This is the moment for a new movement that seizes upon opportunities.

We could return to liturgical renewal seeking a Biblical, foundational, patristic and modern liturgy. Let it be one Ignatius might love and St. Paul might approve. Like Cranmer, but with many more sources before us, could we not energize the poets among us who have not surrendered to the dry intellectual poetry of our time, nor the sentimental hash of popular culture and who can draw from these ancient sources a language of the heart that would give to us food for the soul for generations to come?

As we wait for this to emerge could we, like the early church, not leave the door open for many local expressions and allow the people of God and the artists of the Faith to write and reprise and edit and redact until timeless beauty begins to be revealed from “the Spirit and the Bride”?

We could just be an English exact and eternal replica of the place our 17th century fathers stopped on their road to renewal and reformation, beautiful and stately as that may be. Or perhaps we could continue their quest and discover the Spirit giving us the unique leadership offered to the humble living on the margins; the place of real discovery and innovation: the wellspring of prophets. We could return from our recent journey through the desert with words of the water of life.

At the very least, I would hope this plea would help to enable our leadership to offer a place for those who dream. If we must return to 1928 or 1662, would it be too much to ask those who suffered the outrages of the pastoral totalitarianism of the 1980's to give to others the drink of freedom denied to them? Could we allow that some or even most might return to the great prayer books of the past while others hear the voice of the Spirit say “Come” to the quest of “things old and things new” and find a new voice in worship of Almighty God? I, for one, would hope that the answer to these questions would be in the affirmative.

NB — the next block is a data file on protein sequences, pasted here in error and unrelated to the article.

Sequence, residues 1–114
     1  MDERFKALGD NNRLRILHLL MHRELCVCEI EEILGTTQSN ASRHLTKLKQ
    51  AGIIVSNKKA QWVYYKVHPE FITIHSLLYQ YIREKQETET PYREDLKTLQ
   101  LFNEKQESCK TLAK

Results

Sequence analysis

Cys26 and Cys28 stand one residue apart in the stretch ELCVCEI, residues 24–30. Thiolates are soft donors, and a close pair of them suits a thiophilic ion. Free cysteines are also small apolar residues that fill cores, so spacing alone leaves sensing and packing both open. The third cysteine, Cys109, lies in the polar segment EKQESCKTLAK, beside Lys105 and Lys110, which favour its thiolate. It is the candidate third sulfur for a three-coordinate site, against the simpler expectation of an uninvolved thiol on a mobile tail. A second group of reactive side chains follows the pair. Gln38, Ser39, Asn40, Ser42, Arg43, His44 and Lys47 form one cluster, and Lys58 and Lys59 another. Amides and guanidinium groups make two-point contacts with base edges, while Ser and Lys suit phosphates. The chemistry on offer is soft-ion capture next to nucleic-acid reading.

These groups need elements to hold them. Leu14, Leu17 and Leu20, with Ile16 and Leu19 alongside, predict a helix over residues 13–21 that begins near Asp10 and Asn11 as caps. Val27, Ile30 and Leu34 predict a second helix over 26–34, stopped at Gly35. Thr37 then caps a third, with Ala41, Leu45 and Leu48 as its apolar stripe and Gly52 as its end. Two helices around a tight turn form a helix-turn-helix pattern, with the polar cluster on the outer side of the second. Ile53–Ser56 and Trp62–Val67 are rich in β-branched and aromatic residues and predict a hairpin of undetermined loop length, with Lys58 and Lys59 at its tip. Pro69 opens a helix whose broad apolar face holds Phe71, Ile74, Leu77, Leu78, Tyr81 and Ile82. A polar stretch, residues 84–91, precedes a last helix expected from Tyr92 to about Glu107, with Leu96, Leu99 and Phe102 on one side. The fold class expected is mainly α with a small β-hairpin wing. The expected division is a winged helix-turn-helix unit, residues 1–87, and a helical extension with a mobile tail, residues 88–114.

- The Very Rev Carlos Raines, Dean of Saint James' Anglican Cathedral


Fred Schwartz said...

Kind sir:
You really ought to read your own Jerusalem Declaration. Your prayerbook of "choice" is the 1662 Book of Common Prayer. Get ready to pledge your allegiance to the King/queen of England.

Holysmoke said...

Thanks for reading the article and taking time to comment, Fred. I am hoping for is a work in progress.
While I think your point is pushed a bit, you have actually pointed to that very trend I am concerned about and one of the reasons I wrote the article! I think it would be a shame to force the 1662 PB upon the whole Province (ACNA), let alone the whole Communion. As to the King/Queen of England, I prefer to help "defend the constitution against all enemies, foreign or domestic!" I won't be "pledging allegiance to the king/queen of England" any time soon!

David Katzakian said...

I do not believe that the 1979 Prayer Book contributed to the decline of TEC. It was one of the results of the decline into heresy. Once in use, it might have then further aided the decline.